RogerBW's Blog

Hugo 2017: Novelette 03 July 2017

These are my thoughts on the Hugo-nominated novelettes. If you're planning to vote, you may wish not to read these notes until you have done so.

Alien Stripper Boned From Behind By The T-Rex, by Stix Hiscock: vaguely SF porn of the sort that might have been published by a girlie mag in the 1980s. The plot is summed up in the title (and she has laser nipples). This feels like a joke that I'm not getting.

The Art of Space Travel, by Nina Allan: the head of housekeeping at a Heathrow hotel waits for some of the astronauts going on the second Mars mission to pass through, and wonders about her missing father. The emotional part is resolved in a very obvious way; the science-fictional part isn't resolved at all, and ends up being just pretty but irrelevant background.

The Jewel and Her Lapidary, by Fran Wilde: gruesome fantasy as a small society comes apart. There's an interesting idea in the gems that whisper horrors but can be usefully magical if cut and set, and another in the relationship between gemcutters and rulers, but I never felt engaged.

The Tomato Thief, by Ursula Vernon: fantasy Western that takes a sudden turn into the strange ("Salt, flour, coffee, and sugar were the only things Grandma Harken bought at the store, and the store could only get them in because Father Gutierrez was on good terms with the train-priests"); the plot is straightforward but the world and people are fascinating.

Touring with the Alien, by Carolyn Ives Gilman: enigmatic aliens are the excuse for a meditation on the nature and necessity of consciousness, something I've seen done before but which still works pretty well. Less good on the characterisation, but the plot mostly makes up for it.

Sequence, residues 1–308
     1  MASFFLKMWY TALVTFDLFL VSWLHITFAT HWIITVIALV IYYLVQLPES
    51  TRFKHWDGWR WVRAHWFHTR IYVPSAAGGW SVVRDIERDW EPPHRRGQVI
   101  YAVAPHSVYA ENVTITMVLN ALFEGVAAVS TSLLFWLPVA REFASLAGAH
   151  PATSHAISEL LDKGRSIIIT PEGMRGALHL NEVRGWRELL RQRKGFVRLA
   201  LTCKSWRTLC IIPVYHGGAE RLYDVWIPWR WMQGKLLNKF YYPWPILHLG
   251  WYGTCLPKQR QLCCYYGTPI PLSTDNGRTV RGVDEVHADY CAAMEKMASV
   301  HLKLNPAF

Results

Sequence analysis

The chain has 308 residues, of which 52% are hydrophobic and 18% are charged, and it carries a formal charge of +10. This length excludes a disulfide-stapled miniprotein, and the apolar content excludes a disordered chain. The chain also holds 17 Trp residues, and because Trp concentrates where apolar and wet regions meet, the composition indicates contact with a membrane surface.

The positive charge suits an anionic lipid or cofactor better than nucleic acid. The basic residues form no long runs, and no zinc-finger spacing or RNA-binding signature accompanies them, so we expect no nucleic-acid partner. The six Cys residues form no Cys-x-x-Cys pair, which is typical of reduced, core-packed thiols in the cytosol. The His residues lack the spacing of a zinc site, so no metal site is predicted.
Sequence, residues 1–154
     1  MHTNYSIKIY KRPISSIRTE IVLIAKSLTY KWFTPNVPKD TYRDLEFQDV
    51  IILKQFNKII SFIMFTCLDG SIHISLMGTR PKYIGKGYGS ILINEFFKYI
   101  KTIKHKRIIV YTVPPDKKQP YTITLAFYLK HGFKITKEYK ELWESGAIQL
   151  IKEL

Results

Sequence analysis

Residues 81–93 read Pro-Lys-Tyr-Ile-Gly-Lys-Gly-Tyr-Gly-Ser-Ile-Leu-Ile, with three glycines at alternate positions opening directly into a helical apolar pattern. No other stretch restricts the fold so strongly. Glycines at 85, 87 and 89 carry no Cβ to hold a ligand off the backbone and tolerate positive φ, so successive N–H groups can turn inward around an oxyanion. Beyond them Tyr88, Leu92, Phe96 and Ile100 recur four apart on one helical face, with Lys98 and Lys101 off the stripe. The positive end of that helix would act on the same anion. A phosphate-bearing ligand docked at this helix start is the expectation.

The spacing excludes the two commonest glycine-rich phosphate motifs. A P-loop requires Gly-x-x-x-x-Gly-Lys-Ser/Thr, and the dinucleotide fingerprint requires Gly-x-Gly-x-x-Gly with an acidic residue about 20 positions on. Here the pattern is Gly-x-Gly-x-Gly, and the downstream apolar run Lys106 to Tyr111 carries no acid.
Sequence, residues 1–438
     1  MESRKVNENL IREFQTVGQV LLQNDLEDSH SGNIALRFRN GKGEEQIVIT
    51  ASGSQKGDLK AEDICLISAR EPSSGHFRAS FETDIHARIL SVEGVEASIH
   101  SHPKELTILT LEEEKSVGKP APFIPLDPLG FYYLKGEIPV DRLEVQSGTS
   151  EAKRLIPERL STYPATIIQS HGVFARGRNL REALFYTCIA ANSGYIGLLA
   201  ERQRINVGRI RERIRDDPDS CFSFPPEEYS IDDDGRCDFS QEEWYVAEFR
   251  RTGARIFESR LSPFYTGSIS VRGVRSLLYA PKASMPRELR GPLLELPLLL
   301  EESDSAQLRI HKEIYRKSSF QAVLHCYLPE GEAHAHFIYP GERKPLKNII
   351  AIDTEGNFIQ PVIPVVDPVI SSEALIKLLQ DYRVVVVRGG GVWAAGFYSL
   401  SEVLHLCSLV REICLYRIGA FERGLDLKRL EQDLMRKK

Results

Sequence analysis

You’ll Surely Drown Here If You Stay, by Alyssa Wong: fantasy Western with cosmic powers that don't really help much, written in distancing second-person present.

Most of these do not strike me as good enough to be "Hugo-quality" (I can't define it but I know it when I read it, and it's there in other categories). I don't know what else was published last year, and these may well be the best of the bunch, but while a Hugo is inevitably a best-of-the-year award that doesn't mean that everything nominated is good enough that I'm happy to vote for it. Still, two solid entries here.

Voting order:

  1. The Tomato Thief, by Ursula Vernon
  2. Touring with the Alien, by Carolyn Ives Gilman
  3. The Jewel and Her Lapidary, by Fran Wilde
  4. (No Award)

  1. Posted by Ashley R Pollard at 02:15pm on 03 July 2017

    Touring with the Alien sounds lovely, but I doubt I will ever read it because I don't do ereaders and very rarely by magazines or collections.

  2. Posted by RogerBW at 02:21pm on 03 July 2017

    It's freely available on-line at Clarkesworld.

  3. Posted by Ashley R Pollard at 12:43pm on 04 July 2017

    Yes, reading on a screen for enjoyment is a thing I find unenjoyable.

  4. Posted by RogerBW at 12:45pm on 04 July 2017

    I do see your point, but… you could print it. It's not very long.

  5. Posted by Ashley R Pollard at 12:44pm on 05 July 2017

    I could, but I don't have a printer. Now isn't that ironic.

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